Well, let’s see. Where to begin… When I was a little kid, I HATED running, with the exception of playing tag in the backyard. I was into swimming and playing soccer, but HATED the running aspect. Go figure, right? When middle school came around, I decided to join the track team, mostly for the discipline of training, being more fit, and, well to be on a team. I wasn’t quite fast enough to be one of the sprinters, so I was on the “long distance” team (400 meters to 1 mile). My endurance for long distance wasn’t great, so I ran 400 meters and trained like a crazy person. Hearing horror stories about the high school track team’s training I decided not to join in on the torture, err, fun, instead returning to my beloved soccer and dance. However the foundations of my middle school track training stayed with me and changed my outlook on running. Throughout high school I ran recreationally. When we had to run in gym, I relished the time I got to spend counting how many laps I ran and how quickly I could loop my classmates. In college I would take 2-3 mile jaunts 3 times a week, or as my work load would allow. Then I entered into the real world; not making any time for running I became somewhat more sedentary, even though I did continue working out sporadically.
In 2008 my friend and roommate at the time had surgery on her back and was excited to make her return back to running, as she had run cross country and longer distances since high school and her back problem kept her from doing what she loved. Seeing how excited she was to get back into action, I decided to start running with her. At first it was simply a means for me to get back into shape and to keep her company, but as I continued through the training schedule, I started to love having a set routine to follow and discovering new things in my neighborhood and surroundings. That year I ran a 5k and a 10k, but never ever fathomed wanting to run a marathon in my wildest dreams. Seeing my friend and so many other runners cross the finish line at the Chicago Marathon inspired me to want to do the same. I really didn’t think I would be able to ever run 26.2 miles. I had a year and I had some friends with the experience to share with me and I had my trusty internet to look up information about all things running.
Flash forward to ’09 and my big jump into using Twitter. I had been an avid user of Facebook to update and connect with friends and family, but the running updates were starting to get on people’s nerves. On Twitter I was quite impressed with the fact that there are literally a plethora of different niche groups of users who love talking all things running, or any other topic you can think of. Not only that, but meeting other runners in person, who had been running as long as I have or even longer was such a great discovery for me. During the tough Summer training months, I grew more and more confident after completing every Saturday long run. It was a whole new feeling of accomplishment. This feeling inspired me to start a Facebook page for other runners who may feel the same way about running as I do. Through Facebook and Twitter, I was able to connect with more and more people. My 2009 Chicago Marathon experience was a bit bittersweet as I caught a cold two days prior to the race and I still ran the whole thing by myself by choice.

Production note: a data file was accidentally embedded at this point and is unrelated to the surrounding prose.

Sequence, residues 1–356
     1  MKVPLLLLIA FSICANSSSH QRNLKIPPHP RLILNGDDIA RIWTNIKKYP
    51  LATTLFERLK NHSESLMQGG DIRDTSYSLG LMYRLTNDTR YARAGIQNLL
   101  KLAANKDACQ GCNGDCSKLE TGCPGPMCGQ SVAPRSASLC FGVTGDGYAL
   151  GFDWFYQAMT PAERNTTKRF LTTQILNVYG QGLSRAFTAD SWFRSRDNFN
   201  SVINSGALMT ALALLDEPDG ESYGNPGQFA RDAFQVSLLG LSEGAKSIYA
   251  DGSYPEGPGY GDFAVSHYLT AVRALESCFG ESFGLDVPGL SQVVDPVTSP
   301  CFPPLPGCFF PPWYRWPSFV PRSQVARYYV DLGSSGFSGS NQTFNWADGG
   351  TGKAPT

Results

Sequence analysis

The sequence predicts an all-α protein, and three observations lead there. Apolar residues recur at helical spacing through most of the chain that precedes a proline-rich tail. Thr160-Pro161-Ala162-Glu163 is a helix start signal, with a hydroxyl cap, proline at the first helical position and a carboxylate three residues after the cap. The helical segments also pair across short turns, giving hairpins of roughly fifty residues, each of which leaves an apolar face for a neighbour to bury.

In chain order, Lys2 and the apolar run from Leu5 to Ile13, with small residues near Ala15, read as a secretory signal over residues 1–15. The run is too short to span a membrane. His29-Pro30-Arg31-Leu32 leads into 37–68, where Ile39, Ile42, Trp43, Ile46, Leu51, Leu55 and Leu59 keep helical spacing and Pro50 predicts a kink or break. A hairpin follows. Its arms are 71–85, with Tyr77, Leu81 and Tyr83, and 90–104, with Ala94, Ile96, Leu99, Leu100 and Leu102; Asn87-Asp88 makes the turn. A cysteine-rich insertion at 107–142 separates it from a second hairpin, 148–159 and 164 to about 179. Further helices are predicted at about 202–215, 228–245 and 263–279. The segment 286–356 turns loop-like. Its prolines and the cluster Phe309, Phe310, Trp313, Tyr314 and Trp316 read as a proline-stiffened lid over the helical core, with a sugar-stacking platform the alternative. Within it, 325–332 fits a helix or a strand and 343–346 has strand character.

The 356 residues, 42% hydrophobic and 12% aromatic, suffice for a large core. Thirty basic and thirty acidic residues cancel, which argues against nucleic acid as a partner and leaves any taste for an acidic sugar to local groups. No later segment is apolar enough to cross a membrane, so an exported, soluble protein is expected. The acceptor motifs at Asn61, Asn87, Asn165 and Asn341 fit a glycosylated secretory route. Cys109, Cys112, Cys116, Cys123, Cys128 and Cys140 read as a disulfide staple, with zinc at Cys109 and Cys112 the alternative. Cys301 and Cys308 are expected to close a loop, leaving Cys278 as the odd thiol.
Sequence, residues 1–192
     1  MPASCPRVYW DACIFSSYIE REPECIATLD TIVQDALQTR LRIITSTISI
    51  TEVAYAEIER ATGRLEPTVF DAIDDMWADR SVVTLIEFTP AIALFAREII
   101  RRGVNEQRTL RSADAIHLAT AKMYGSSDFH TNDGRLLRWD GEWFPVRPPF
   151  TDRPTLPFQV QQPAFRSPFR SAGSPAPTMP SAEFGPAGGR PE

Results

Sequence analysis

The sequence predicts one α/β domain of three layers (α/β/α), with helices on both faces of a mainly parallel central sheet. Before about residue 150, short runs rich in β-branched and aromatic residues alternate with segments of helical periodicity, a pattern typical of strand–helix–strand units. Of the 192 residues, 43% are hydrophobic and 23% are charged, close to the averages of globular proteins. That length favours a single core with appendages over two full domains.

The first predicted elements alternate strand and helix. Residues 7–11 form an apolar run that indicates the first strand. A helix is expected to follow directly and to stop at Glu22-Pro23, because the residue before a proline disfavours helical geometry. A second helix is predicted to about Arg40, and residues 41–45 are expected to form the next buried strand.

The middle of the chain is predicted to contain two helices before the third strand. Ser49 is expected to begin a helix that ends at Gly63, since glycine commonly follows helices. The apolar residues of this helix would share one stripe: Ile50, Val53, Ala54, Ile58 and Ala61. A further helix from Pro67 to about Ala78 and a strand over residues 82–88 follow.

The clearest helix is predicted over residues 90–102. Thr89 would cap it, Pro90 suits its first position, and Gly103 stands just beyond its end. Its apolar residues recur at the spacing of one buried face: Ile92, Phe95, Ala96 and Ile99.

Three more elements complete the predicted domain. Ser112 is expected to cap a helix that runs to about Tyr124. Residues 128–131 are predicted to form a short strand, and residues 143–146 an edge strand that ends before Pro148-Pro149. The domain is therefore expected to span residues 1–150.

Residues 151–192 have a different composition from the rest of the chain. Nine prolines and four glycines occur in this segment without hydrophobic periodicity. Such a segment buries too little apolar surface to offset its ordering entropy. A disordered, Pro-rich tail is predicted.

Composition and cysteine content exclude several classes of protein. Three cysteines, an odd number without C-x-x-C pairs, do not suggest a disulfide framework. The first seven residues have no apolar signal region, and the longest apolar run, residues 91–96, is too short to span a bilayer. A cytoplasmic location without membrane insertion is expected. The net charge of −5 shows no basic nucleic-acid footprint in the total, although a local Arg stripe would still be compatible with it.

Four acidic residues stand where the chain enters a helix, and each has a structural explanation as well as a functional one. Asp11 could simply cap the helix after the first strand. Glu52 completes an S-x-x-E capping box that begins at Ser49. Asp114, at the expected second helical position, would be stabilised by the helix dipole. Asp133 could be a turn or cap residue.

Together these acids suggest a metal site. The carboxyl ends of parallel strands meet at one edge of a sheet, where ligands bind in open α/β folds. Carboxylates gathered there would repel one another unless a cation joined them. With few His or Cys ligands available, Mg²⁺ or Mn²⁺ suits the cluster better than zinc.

After my 2009 marathon experience, I caught the running bug and remain today addicted to running, even though it can tend to be a love / hate situation. During my 2010 training season and my current training season, I have come to realize that training with a group of people and meeting up with people to train, participate in races, eat post-run and talk all things running with was way more exhilarating than simply joining a Summer training group and do most of my runs by myself. Through social media, I have been able to connect with runners, help motivate other runners, answer beginner’s questions and discuss my experience with others.
What’s so great about that? Well, the Facebook friends of mine who could care less about all of my running updates don’t have to be bogged down by my status updates so much, because I can share my love for running with those who want to hear about it! The running page that I created is still up and running and even has international fans! People feel open to share their questions, favorite race photos, opinions on all things running and even help motivate each other when someone may just not be feeling that double digit long run.
With Twitter, being one of the #runnerds is an honor and a treat. It’s great to see what people really think about running and what makes them a “Runnerd”. If you have yet to join Twitter, you may want to consider it a try when you can find so many others to relater to and converse with!